The biggest box office hit in the history of the Soviet Union was an early 1970s Mexican romance so obscure in its home country that even many experts on the era haven’t heard of it. Host Rico Gagliano talks with several who have, including esteemed cinema historian Ian Christie, Concordia University’s Masha Salazkina, and actress Emoé de la Parra, the daughter of the hugely successful author Yolanda Vargas Dulché behind the comic book and telenovela on which the film was based.
Our first season, titled “Lost in Translation,” spotlights movies that were massive cultural phenomena in one country, but nowhere else. With episodes spanning nearly every continent, tune in weekly to discover unique film stories from around the globe.
Each episode, we publish a complementary piece in a new series called “MUBI Podcast Expanded.” This week, film professor and historian Masha Salazkina adds to her commentary featured in this episode, discussing her love for international films growing up in the Soviet Union in the late 70s and early 80s. Read the article here.
MUBI is a global streaming service, production company and film distributor. A place to discover and watch beautiful, interesting, incredible films. A new hand-picked film arrives on MUBI, every single day. From iconic directors, to emerging auteurs. All carefully chosen by MUBI’s curators.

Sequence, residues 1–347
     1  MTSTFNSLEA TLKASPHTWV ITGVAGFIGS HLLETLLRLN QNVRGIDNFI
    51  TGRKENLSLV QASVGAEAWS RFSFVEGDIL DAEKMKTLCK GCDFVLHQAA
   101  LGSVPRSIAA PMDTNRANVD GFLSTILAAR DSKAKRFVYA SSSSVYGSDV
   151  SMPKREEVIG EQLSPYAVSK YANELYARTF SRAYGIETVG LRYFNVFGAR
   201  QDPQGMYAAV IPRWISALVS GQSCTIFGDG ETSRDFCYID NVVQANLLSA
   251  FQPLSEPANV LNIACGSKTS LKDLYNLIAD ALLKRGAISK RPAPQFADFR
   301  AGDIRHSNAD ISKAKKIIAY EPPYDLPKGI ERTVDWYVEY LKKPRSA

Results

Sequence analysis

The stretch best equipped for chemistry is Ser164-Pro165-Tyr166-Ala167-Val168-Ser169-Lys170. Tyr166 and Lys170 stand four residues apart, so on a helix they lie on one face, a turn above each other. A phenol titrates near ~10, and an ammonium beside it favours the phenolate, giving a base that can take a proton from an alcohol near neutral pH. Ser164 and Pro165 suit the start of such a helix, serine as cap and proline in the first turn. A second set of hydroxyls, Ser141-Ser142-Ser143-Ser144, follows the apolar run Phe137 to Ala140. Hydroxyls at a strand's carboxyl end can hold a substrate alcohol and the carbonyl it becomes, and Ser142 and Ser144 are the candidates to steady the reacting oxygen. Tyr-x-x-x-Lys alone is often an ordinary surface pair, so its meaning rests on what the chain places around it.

[Rico Gagliano] Heads up. This episode includes spoilers. [Murmured conversation] [Rico] 1975. A movie theater in the former Soviet Union. In the audience that day, the late Maya Turovskaya, one of the great Soviet film critics, who is there to check out a romantic historical melodrama. [Projector clicks, whirs] ..called Yesenia. [Romantic orchestral music] And according to modern day scholar Masha Salazkina, Maya wasn't impressed. [Masha Salazkina] She went to see this film and, as she was watching it, she was just wondering, you know, "What is this?" You know, like, "How can anyone watch it?" [Rico] But then, towards the end of the movie, Maya noticed something. [Masha Salazkina] A woman sitting next to her, who had bags full of groceries, was crying so hard and she had make-up all over her face, smudged. [Rico] Maya watched this woman weep through the credits. [Music concludes] [Projector stops, winds down] [Rico] And? [Masha Salazkina] And so this film critic asked her, "Well, why are you crying?" And she said, "Well, why aren't you crying? "I feel this movie is about me." [Laidback instrumental music] [Rico] Maya found this perplexing, because Yesenia wasn't a Russian movie. It wasn't even from an Eastern Bloc country. The movie this Soviet woman felt was about her had been made four years earlier in Mexico, where it had been a disappointing failure. Meanwhile, somehow in the USSR, it was on its way to becoming the biggest box office hit in Soviet history, and actually one of the biggest non-English language hits in the history of cinema. [Music continues] I am Rico Gagliano and from the curated streaming service MUBI, welcome back to the MUBI Podcast. MUBI is the best place to see beautiful hand-picked cinema from around the globe. On this show, we tell you the stories behind those films and any other movies with stories worth telling. This first season we're calling Lost in Translation. Every week we learn about a different international culture through the lens of a movie they loved. Specifically, a film that was a huge cultural phenomenon in just that one country. Which brings us to the strange tale of Yesenia. Almost no-one who's seen this movie will call it some grand work of art. It's obscure even for some experts on Latin American cinema. [Ignacio Sanchez Prado] I own, I kid you not, 2,000 original DVDs of Mexican film, and I have never seen this one before. [Rico] That's Washington University's Ignacio Sanchez Prado. I sent him a DVD of the movie, so, don't worry, he's seen it now. And he is one of many people around the world I spoke with to learn more about a film that so many people saw, but so few seem to know much about. And to try to figure out how this, of all films, connected with tens of millions of Soviets. It's a tale of two very different countries and one movie. We're about to translate Yesenia. [Music continues] [Music concludes] [Rico] To understand this movie, first, you gotta understand its screenwriter, whose career is a story unto itself. Her name was Yolanda Vargas Dulch, [Emo de la Parra] She was really very attractive. I mean, not only physically but her personality was very strong and very interesting. Everybody wanted to speak with her and she had a strong leadership. [Rico] That's one of Yolanda's five children, Emo de la Parra. Emo grew up to be a famous actor and she thinks she knows why she chose that career. Her family, she says... [Emo de la Parra] We were... We were all so in fantasy. For me, that was a normal thing, to be in fantasy. School and all that, perhaps it was not the real thing. The real thing was imagination. And I suppose that is why I dedicate my life to acting and directing theater. [Rico] And it's easy to see why Yolanda Vargas Dulch would want to create a fantasy world for herself and her family, because when she was a kid, in the 1920s, real life was tough. [Lively instrumental music] [Emo de la Parra] When my mother was born, five years later, her parents divorced. And at the beginning of the '20s, being divorced was something very hard. Her mother started working. They were quite poor as well. And, at some point, my mother went to a singing career. [Women sing in Spanish] [Rico] Yeah, that's a teenage Yolanda you're listening to right now, singing with her sister. But, glamorous as it sounds, it didn't pay - she had to work a side gig at a pharmacy - and when she met the love of her life, Guillermo de la Parra, her career was actually a liability. [Emo de la Parra] My father came from a provisional family and they didn't want my father to marry her, because she was a singer and it was associated almost with prostitution and things like that. [Rico] Prostitution? What, really? [Emo de la Parra] Yes! But they said, "She's a singer, "how are you going to marry a singer? [Rico] Luckily, Yolanda's personality won them over. And, in any case, she didn't stay a singer for long, because one of the things she and Guillermo bonded over was another part time gig she'd taken on as a teenager and fallen in love with - writing stories. [Music continues, concludes] [Rico] Specifically, writing stories for comic books. Although comic isn't exactly the right word. [Emo de la Parra] Not really comic. Comic is a word that... Comic is more directed at children. This was love stories, love stories directed to grown-ups. [Rico] And in mid-century Mexico, grown-ups were reading these kind of graphic love stories...everywhere. [Emo de la Parra] In the markets, in the supermarket, in the buses, at school, in every house, in every house. Some of them were read hiding, because they were supposed not to be a very cultural literature. But in fact, everybody read it, even though some of them denied it. [Rico] Yolanda and Guillermo churned out graphic stories, like, non-stop. [Emo de la Parra] Since they met, all the dates they have, they dedicated part of the dates to write the stories in napkins in a restaurant. So... [Rico] This is before they were married? [Emo de la Parra] Before they were married, they began to work together. [Rico] When they were, like, on dates? [They laugh] [Emo de la Parra] On their dates, they started doing stories and writing them down in napkins. [Rico] Emo says, at first, her parents worked for competing publishing houses, until they decided to form their own, called Editorial Argumentos. At which point, Yolanda Vargas Dulch became comic royalty. [Roberto Carlos Ortiz] Well, she was known as the Reina del Folletn, the queen of comic melodrama. [Laidback instrumental music] [Rico] That's Roberto Carlos Ortiz. He's an independent scholar, specializing in Latin American culture, and he says Yolanda's work generally kept to a certain formula. [Roberto Carlos Ortiz] They were little, melodramatic stories. And so you had, like, usually a female protagonist who went through all the suffering and drama that you would expect in a film melodrama, but it was in comic book form. [Rico] And also, surprisingly often, that protagonist was from a minority race. For Yolanda, that just magnified a major theme of her work, something she'd experienced herself - a class system that tries to keep people apart. [Roberto Carlos Ortiz] Most of the Yolanda Vargas Dulch stories are structured around that, about conflict between classes, with the added element of race and ethnicity. She also had a storyline that was like a Madame Butterfly style story, another one that had to do with the times of slavery. [Rico] Of course, today, many would call that formula problematic. But, back then, people found her comics irresistible, [Roberto Carlos Ortiz] I know they were very popular. And not only were they popular in Mexico, they were also exported. For example, I'm Puerto Rican and I remember, when I was a kid, my grandmother used to read the series. [Emo de la Parra] At that moment, I'm talking about the '60s, '70s, there was a large audience. Every week, the sales were about one million. So, it reached a lot of people. [Rico] A lot a lot. At one point, Yolanda was the most read female writer in the country. And she was pumping out dozens of titles, [Roberto Carlos Ortiz] But she's best remembered for a series of comics called Lgrimas, Risas y Amor. These were stories that she had already told in the 1940s and '50s and she retold them in the '60s. And that's the version that most people remember. And that's where Yesenia comes from. [Music continues] [Rico] Oh, right, Yesenia. It's set in the Mexico of the 1860s and it's got all the hallmarks of a classic Yolanda Vargas Dulch story, including a crazy-complicated plot. [Roberto Carlos Ortiz] Right. So... Okay, let me try to simplify, because it's a rather long story. So, Yesenia tells the story of a young woman that is described in the story as being gitana, a gypsy, which is a term that is problematic nowadays, but that's the term that is used in the story. So, Yesenia falls in love with a man who is in the military, a captain, but, unfortunately, Yesenia thinks that the military man abandoned her. In the meantime, he thinks that she abandoned him. And so he returns to... Oh. See, it's a mess! [Rico] It really isn't easy, but allow me to give it a shot. [Spirited instrumental music] You probably got the basic idea. Like in the movie, which you're hearing right now, in the comic, Yesenia is a member of a proud tribe of itinerant Roma people. They make their living busking and dancing for tips, reading palms, that kind of thing. They're disdained by quote-unquote "respectable" society, but Yesenia doesn't really give a damn. She's a smart spitfire, happy to tell off the racist gents who always seem to be hitting on her. [Woman speaks Spanish] [Rico] One day, though, she meets that upstanding military captain, Osvaldo, who falls for her despite her low station, so much so he agrees to let her father marry them, according to the ways of her own people. [Man speaks Spanish] [Rico] Everything seems great, until... [Orchestral stab] ..the captain's suddenly ordered away on an emergency mission. He sends a message telling Yesenia he'll be back, but... it's intercepted, by bandits. [Man shouts, in Spanish] So, Yesenia thinks she's been abandoned. Meanwhile, Osvaldo's grandfather tells her their Roma marriage ceremony isn't even considered legal. [Man speaks Spanish] [Rico] "I would like to be wrong," he says, "You're a good girl." [Man speaks Spanish] [Rico] "But there are laws that can't be changed." [Man speaks Spanish] [Rico] And we could spend the rest of the episode on the twists that ensue, so let's just say, surprise, they end up together, after multiple almost-marriages, a revelation about Yesenia's own birth and at least one gratuitous brawl. [Clamour, woman speaks Spanish] [Rico] Yesenia was a hit, as a comic. And if you think it sounds like the making of a good soap opera, back in the '60s, there was someone else who felt the same way about Yolanda's stories, a Mexican TV star, named Silvia Derbez. [Emo de la Parra] I was about 10 years old and she arrived at the house. I don't know how she managed to know our address. But she wanted to speak with my mother because she wanted the stories to be done on TV and she wanted to be the star. And my mother said, "I'm sorry, I don't think it's going to work." "What are you talking about?" And she said, "Well, I think that it can work very well. Why don't we try?" [Reverberant instrumental music] [Rico] They tried and succeeded. First with a massive hit telenovela version of Yolanda's story Mara Isabel. [Emo de la Parra] Well, the first time that she saw Mara Isabel acted by this excellent actress, she began to cry, because it was like seeing her characters alive, moving, talking, dressed like the characters, and, well, she was very moved, very, very moved. [Rico] And describe what happens to her career at that moment, once Mara Isabel comes out. [Emo de la Parra] When Mara Isabel comes out, came another one and another one and another one until the day of her death. I mean, they do it and do it and do it again. [Rico] She's not exaggerating. Yolanda, the queen of comic book melodramas, also became the queen of telenovelas, the multi-platform Shonda Rhimes of her day. She adapted tons of her stories for TV. Over the decades, they've been remade multiple times. And one of the most popular? You guessed it. [Roberto Carlos Ortiz] Yesenia is one of the best known characters from the Lgrimas y Risas comic book, but then, in 1970, they made a telenovela adaptation, starring a sex symbol from the time that is named Fanny Cano. [Woman speaks Spanish] [Man speaks Spanish] [Woman speaks Spanish] [Roberto Carlos Ortiz] And that made the story even more popular, because she became very popular as Yesenia. Her hairstyle became famous, her make-up style became famous. The telenovela adaptation, that's when it really became a big hit, which, in turn, leads to the movie. [Rico] Of course, a movie adaptation. Why not? Everything Yolanda touched seemed to turn to gold. [Music continues] [Rico] But we already know, somehow, somewhere, between the little and the big screen, Yesenia lost its Mojo. And, when I first researched the movie, I thought its downfall might have begun with the choice of director. [Man speaks Spanish] [Rico] This is a scene from the 1966 film Santo vs. The Martian Invasion. In it, a group of Martians, who look like half-naked Fabios, warn humanity, via television, that Earth will be annihilated. [Man speaks Spanish] [Rico] And the only guy who can stop them, the masked Mexican wrestling hero, Santo. [Man exclaims in Spanish, blows land] [Rico] it's a pretty wonderful pulp flick and about the farthest thing imaginable from a period romance. Yet, the same guy who directed it, Alfredo B Crevenna, who did a bunch of these wrestling movies, by the way, also directed Yesenia. [Electronic warbling] [Rico] Believe it or not, though, I'm told he wasn't a bad choice. [Ignacio Sanchez Prado] Alfredo Crevenna, the director, was actually born in Germany. [Rico] That's humanities professor Ignacio Sanchez Prado again, the guy I sent the DVD to? He may be new to Yesenia, but he's well versed in Crevenna, who he respects as a serious workhorse. [Ignacio Sanchez Prado] He left Germany because of the rise of Nazism. He lands in the Warner Brothers in California for a couple of years and then he comes to Mexico and he starts making work in Mexican cinema. And this guy, you know, he makes 150 or something movies throughout his career and he has all kinds of really interesting movies. So, he writes movies for Cantinflas, he did, wrote a version of Santa, which is a very important literary adaptation. [Rico] And, especially in the latter half of his 40-plus-year career, Crevenna was known as a solid director of melodramas. [Ignacio Sanchez Prado] He really embodies himself the historical range of popular Mexican cinema between the '40s and the '90s, in a way that you would be very hard pressed to find another director doing this. [Rico] Wow. He's like a polymath basically, generically, anyway. [Ignacio Sanchez Prado] Yeah, and you know, he does things, you know, some of the films are sexploitation films, others are horror films. He has everything. [Man speaks Spanish] [Rico] In fact, Ignacio gives Yesenia pretty high marks for a movie that, after all, was never aiming for art status. [Ignacio Sanchez Prado] It's an excellent melodrama, I think. It has very good art direction and the kind of acting is like top level telenovela acting, so it's the kind of acting you will see a lot in Mexican television. [Rico] Which makes sense, because a lot of the actors came from television. In fact, Jorge Lavat, who played Yesenia's heart-throb captain in the telenovela, reprised his role for the film. [Man speaks Spanish] [Rico] But he did it without his TV co-star, Fanny Cano, who got sick at the last minute and was replaced as Yesenia by one Jacqueline Andere. Which made me think maybe that doomed the movie, Andere taking the place of the sex symbol who'd created the character? Ignacio says, "Not so fast." [Ignacio Sanchez Prado] So, she's a very big actress, in television in particular. She has been in some of the most iconic telenovelas of history, right? So, she will be a front and center person, just like Jorge Lavat, the male protagonist, is also fairly well known. [Rico] In fact, Jacqueline Andere has film credits Fanny Cano probably envied, like this one. [Woman speaks Spanish] That's her in the 1962 classic, The Exterminating Angel, directed by none other than Luis Buuel. The New York Times once ranked it one of the 1,000 greatest movies ever made. [Woman speaks Spanish] [Rico] So, what did finally tank Yesenia in its home country? Ignacio says maybe it wasn't the movie so much as the Mexican film industry itself. [Laidback instrumental music] [Ignacio Sanchez Prado] To be quite honest, this is not the time in which a film will be as impactful. [Rico] Yesenia hits theaters in 1971, a moment when Mexican cinema went from a private studio system to a state-run one, focused more on supporting auteur film-makers than the country's commercial industry. The whole Mexican film business changed. [Ignacio Sanchez Prado] So, the result is that in '71 to '76, it becomes very respected in art film festivals and it creates a new generation of film-makers that, you know, became the leading figures in auteurial cinema at the time. At the same time, it really does give a lot of control to the state. They give a lot of the resources to foreign productions, Mexican productions start struggling more. [Rico] They were struggling especially against a wave of competition from Hollywood films, which were making a comeback after World War II when they weren't as widely distributed in Mexico. So... [Emo de la Parra] Mexican films were not doing as well as they were one or two decades before. And Mexican films were competing with American films that began to be very powerful. So, a lot of people saw the movie, but not as much as they saw the soap opera, and it was a kind of disappointment for my parents. [Rico] But someplace that wasn't awash in Hollywood movies, where World Cinema surprisingly had a way more even playing field? The Soviet Union. Just one of many reasons, five years later, Yesenia would get a second life behind the Iron Curtain. That story coming up in just a minute. Stay with us. [Laidback instrumental music] [Music concludes, resonates] MUBI is a curated streaming service, production company and film distributor, a place to discover, discuss and celebrate beautiful cinema. Every day, MUBI premieres a new film, each one thoughtfully hand-picked by our team of curators from brand-new work by emerging film-makers to masterpieces by cinema's greatest icons, there is always something new to uncover on the platform. Throughout this first season of the podcast, our online film magazine Notebook is publishing a complementary piece alongside every episode, in a series called MUBI Podcast Expanded. This week, film professor and historian Masha Salazkina adds to her commentary, that you're going to hear later in this episode, discussing her love for international films growing up in the Soviet Union in the late '70s and early '80s. It's very cool. Also, if this episode has sparked your interest in Mexican cinema, MUBI has just launched a brand-new Spanish language podcast, showcasing in-depth conversations between the leading figures in the Latin American film world. Produced in partnership with La Corriente del Golfo, the first episode of MUBI Podcast Encuentros features Gael Garca Bernal and Carolina Sann discussing the relationship between film acting and life itself. So, finish this episode, then check out Masha Salazkina's article on the Notebook, at MUBI.com/notebook. And, if you speak Spanish, listen and subscribe to MUBI Podcast Encuentros wherever you get your podcasts. Finally, to stream the best of cinema, simply head over to MUBI.com to start watching. [Laidback instrumental music] So, it was 1975, four years after Yesenia's release and Yolanda Vargas Dulch wasn't thinking much about the movie any more. Even when she started getting word that it seemed to be doing pretty well... in the Soviet Union. [Emo de la Parra] I mean, she knew it. She, of course, was informed about it. But she needed to live it in order to believe it. [Rico] And Yolanda didn't really live it till later that decade, when she and Emo took a trip. [Emo de la Parra] She went to the Soviet Union. I went with her, just a tourist trip. It was 70-something. And she realized at that moment that the movie was so well known, because, as soon as someone said, "She's the author of Yesenia," it was a crowd, she couldn't move. The crowd came and asked for autographs. She said, "Why? Why do they like that much Yesenia?" [Rico] Good question, which we'll try to answer in a minute. But, first, I have another one. How'd they even see Yesenia? I'm an American Gen X-er, I grew up during the last stages of the Cold War, so I pictured the USSR as this walled-off place, purposely keeping out world culture so the government could make its own communist world. But, like a lot of things I thought I knew back then, not so. [Ian Christie] Oh, foreign films were a regular part of the diet. I mean, hundreds of them were shown. [Rico] That's film historian Ian Christie. He's an expert on Soviet cinema and he spent a lot of time there back in the day. He says the Soviet movie agency Goskino wasn't at all averse to importing films from foreign lands, especially certain foreign lands. [Ian Christie] They did have their preferences. I mean, France, of course, had a very close relationship with the Soviet Union, partly because there was a massive French Communist Party, and there were many, many links, cultural links at all levels, between France and the Soviet Union. And Italy too. Italian films were widely seen in the Soviet Union, especially by film-makers. If you really want to understand what's happening with people like Tarkovsky and many of his generation, you have to keep remembering that they had seen films by Fellini and by Buuel. [Rico] And, speaking of Buuel, yes... [Ian Christie] Mexico was considered to be an okay place because it had a revolution. [Bell tolls] [Rico] In fact, Latin American cinema in general was a Soviet favorite. [Masha Salazkina] The USSR, in the '50s and especially '60s, had very longstanding relationships with the Mexican and Argentinian film industries. [Rico] You met Masha Salazkina at the beginning of this episode. She's a film studies professor at Concordia University in Montreal. [Masha Salazkina] The Mexican and Argentinian films were shown in the Soviet Union to great success. Argentinian cinema is a little bit less kind of internationally recognized, but, in that period, there were a lot of especially musical films coming out of Argentina, and they were also immensely popular. [Woman sings in Spanish] [Rico] Especially films starring one Lolita Torres, who sang and danced her way through a series of glittering musicals from the '50s that were shown in the USSR well into the '60s. This is a turn from a flick called The Beautiful Lie. [Singing continues] [Masha Salazkina] And I don't remember, it was sometime in the '60s, maybe '66, that Lolita Torres came to the Soviet Union and, again, you know, found millions and millions of admiring fans. [Rico] Go ahead and search for Lolita Torres clips on YouTube. Even today, half the comments are in Russian. [Music continues] [Rico] So, why was Latin American cinema so particularly embraced? Masha actually chalks it up as much to the page as the screen. [Masha Salazkina] In the late '60s and early '70s, Latin American literature became extremely popular in the Soviet Union. And it was a very literary culture. Everyone read. So you know, when Gabriel Garca Mrquez or some of the earlier Latin American authors became very popular, they were read by everyone. [Rico] So, you think that might have had some impact? People were familiar with Latin American literature, so it's like, "Oh, now I'm seeing it brought to life." [Masha Salazkina] Yeah, yeah. And it was also, in the Soviet Union, and at that time, it wasn't quite, again, as differentiated, where you would think, well, highbrow literature versus lowbrow entertainment. It really wasn't as clearly marked. [Rico] But if Soviets had been fans of Latin American books and movies for years, if millions already flocked to Lolita tourists flicks in the '60s, what made millions more flock specifically to Yesenia in '75? One reason? Good timing, in the sense that the '70s in the USSR were a bad time. [Leonid Brezhnev speaks Russian] [Rico] This is Soviet leader Leonid Brezhnev in a televised address on New Year's Eve 1970. At one point, he says the country is greeting the new year in, quote, "good humor." [Brezhnev speaks Russian] [Rico] Ian Christie says that wasn't true. [Ian Christie] There'd been a lot of liberalisation in the early '60s, under Khrushchev, but things had gone too far for some of the party bosses and the old guard and there was a real crackdown at the end of the '60s. So, as we enter the '70s, things are quite sort of buttoned down in the Soviet Union. Old Brezhnev, who's taken over, is... Well, it's often known nowadays as the Era of Stagnation and, indeed, things were stagnating, [Rico] While the rest of the world was grooving on the hypercoloured late '60s and early '70s, Ian says a lot of Soviets were painfully aware their lives were comparatively gray. [Ian Christie] Which, of course, means that, you know, movies, the biggest form of recreation in the Soviet Union, really, were very much in demand. I mean, there were enormous audiences flocking to the cinemas in every single part of the Soviet Union and foreign movies, in particular, were absolutely in demand, because they were the only things that gave you a sense of the outside world. [Rico] In fact, at one point during Brezhnev's regime, Soviets were going to the movies more often than people anywhere else in the world. And half the movies screened in the country were foreign, the less gray, the better. [Man] There he is. Come, sing and conquer. [Disco music] [Ian Christie] By far, the biggest source of foreign films, right throughout Soviet era, was Indian cinema. The single most popular Indian film in the Soviet era, as far as I know, is a film that I bet you've never heard of, let alone seen. It's called Disco Dancer. [Rico] Is it about a disco dancer? [Ian Christie] Yeah, yeah, exactly. [Rico] That would do it. [Disco music] [Ian Christie] My theory about that is they probably hadn't seen Saturday Night Fever and I suspect that there was a huge audience in the Soviet Union that knew about disco, but they hadn't seen the kind of films that we had ready access to. [Rico] So, colorful Bollywood disco musicals, or, say, sweeping historical romances set in Mexico. In the Era of Stagnation, a lot of Soviets were hungry for these kinds of flicks. [Music continues] [Rico] And Yesenia also had something else going for it. The USSR didn't really care about importing hits. They were all about the bottom line. [Masha Salazkina] So, the Soviet Union was interested in buying films as cheaply as possible. They were looking for films they knew would be popular with the audiences so they could make money, films that would not be too expensive. Hence, often older films and often not the most...popular films, necessarily, right, in the country of origin. [Rico] Yesenia was a four-year-old flop. So the price tag was...minimal. [Masha Salazkina] Films for import were bought without royalties, meaning that they would pay a flat sum. So, for example, Yesenia was bought for 20,000 US dollars. [Rico] And that's it? [Masha Salazkina] And that's it, and they had an agreement for a seven-year run. But it did not specify how many times, you know, how many locations. Very often, also, even the seven-year period was not respected. Basically, they would show every foreign film until the actual print would completely be torn to shreds. [Rico] In other words, there was nothing keeping the government from showing Yesenia a lot. And they definitely got their money's worth. [Masha Salazkina] So, you can imagine if they paid $20,000 for this film, and in the first year alone, right, they sold 91 million tickets. [Rico] Wow. A lot of rubles. [Masha Salazkina] Yeah. And that's just, again, and that was just the first year. It was also the kind of film - and that I do remember from my own childhood - that people would go see when they're on vacation. Because the movie theaters were everywhere, including, like, small film clubs that could be in any small village, right? So, when you'd go on vacations, whether it's to the seaside or in the mountains, they would always have a movie theater there. [Rico] It's funny, you think of beach reading, so this was beach viewing? [Masha Salazkina] Yes, it was absolutely beach viewing. [Rico] Actually, Masha says the film made most of its cash in rural areas, far from big cities like Moscow, where the Soviet cinema elite were not exactly champions of this movie. [Masha Salazkina] And I know that from reading the letters of the viewers, because the film, when it became such a huge box office success, actually provoked a fury of critics kind of the lamentations of the critics on the demise of Soviet movie-going tastes. And, in return, people would write letters, accusing the critics of being snobs, of not understanding the richness and the emotional life of the audiences. [Rico] So, the critics are kind of saying, "This is, we can do better than this. "For God's sake, Tarkovsky is putting out movies right now "and yet everybody's going to see this lowbrow movie from Mexico." [Masha Salazkina] Yeah. No, it became really kind of a poster child for, again, sort of, "All that Soviet audiences want to see "are tasteless melodramas and genre films. "What happened to the great traditions of Soviet cinema? "Why don't people want to see this?" [Rico] But Ian Christie says, against films like Yesenia, great Soviet cinema didn't really have a chance. [Music stops] [Ian Christie] Because overall, there was a enormous appetite for romance. I mean, the one thing that Soviet cinema was not delivering was a sort of sense of romance. There were lots of inspirational stuff dealing with social issues, in very engaging ways, but they were not delivering that sort of sense of romance. People didn't, you know, get swept away by a gypsy lover or anything like that. That did not happen. [Rico] Why not? [Ian Christie] Well, there's a kind of hangover from the Stalin period. Most of the films were still a bit didactic, or they were harping on about the war, the Great Patriotic War. And you can see, at the beginning of the '80s, there's a realization in Goskino that they've got to deliver a more popular kind of film. [Rico] The kind of film, in fact, that Yolanda Vargas Dulch might have been proud of. [Man speaks Russian] [Woman speaks Russian] [Rico] In 1980, just as Yesenia was ending its several-year run in Soviet cinemas, director Vladimir Menshov released the landmark Soviet movie Moscow Does Not Believe in Tears. The central character is Katerina, who, after a lifetime of romantic disasters, ends up single but successful, a factory executive. Then, on a train, she meets a worker named Gosha. [Man speaks Russian] [Rico] There's an instant spark, but Gosha doesn't think relationships work when a woman earns more than her husband, so she lies to him about her job. When he finds out, she almost loses him, but, at the end, his love for her is too strong to ignore. She looks at him with tears in her eyes. [Woman speaks Russian] "I've been waiting for you for so long," she says. [Woman speaks Russian] [Ian Christie] Moscow Does Not Believe in Tears was an almighty breakthrough. I remember being shown it in Moscow, at a viewing at Goskino, and I couldn't believe my eyes. You know, it really did seem to be, well, just extraordinary. I remember saying to my interpreter, "We've never seen anything like this before." [Rico] Why? What about it was so amazing to you? [Ian Christie] Well, I suppose, the focus really is on people achieving happiness through relationships. It's a focus on personal life and it was seen as a signal that you could actually focus the entire film on people's relationships. [Rico] Instead of what? [Ian Christie] Well, instead of their social duty. [Rico] And Ian won't say Soviet films like this became possible only because of the success of Yesenia, but he says it sure helped point the way. [Man and woman sing in Russian] [Rico] Once again, critics generally weren't fans of Moscow Does Not Believe in Tears. Once again, it was a hit anyway. In the US, it actually won the Oscar for Best Foreign Film. And here's my favorite part. Guess where it also landed. [Ignacio Sanchez Prado] Growing up in Mexico City like I did, You would see for example, the film Moscow Doesn't Believe in Tears, which is a famous Soviet melodrama, which played on television all the time. It was on television maybe once a month. [Rico] Yeah, Ignacio came across it all the time in Mexico. Among its fans, his own single mother. What could she have possibly seen in it, this movie set in an utterly different country, on the other side of the planet? Maybe the same thing that Soviet woman wept over in Yesenia, a society that tries to keep people apart and women who hope for the best anyway, and persevere. I think she saw a movie about herself. [Laidback instrumental music] [Rico] And that's the MUBI Podcast for this week. Follow us to hear more deep dives into movies that were singular hits in a single place. Next week, we learn about the 1997 film that changed the way China celebrates the holidays. [Michael Berry] There's a couple of rituals that are associated with the Chinese New Year. But, starting after 1997, a new ritual emerged, which was the whole family goes to the theater and watches the new Feng Xiaogang film. This episode was hosted, written and cut by me, Rico Gagliano. Jackson Musker is our booking producer. Our engineer was Andy Carson. Mastering by Steven Coln. Martin Austwick composed and performed all the music. The show's executive produced by me, along with Jon Barrenechea, Efe Cakarel, Daniel Kasman and Michael Tacca for MUBI. If you're digging the show, please leave us a five-star review wherever you listen. It will make it easier for others to find us. And if you want to send us your thoughts, well wishes or just to chew me out for butchering the pronunciation of your language - I do my best, but I'm sure it's happened - our e-mail is podcast@MUBI.com. And, for an ever-changing collection of carefully hand-picked films from iconic directors to emerging auteurs, subscribe to MUBI and MUBI.com. Till next week, it's a big world, watch globally. [Music continues] [Music concludes, resonates]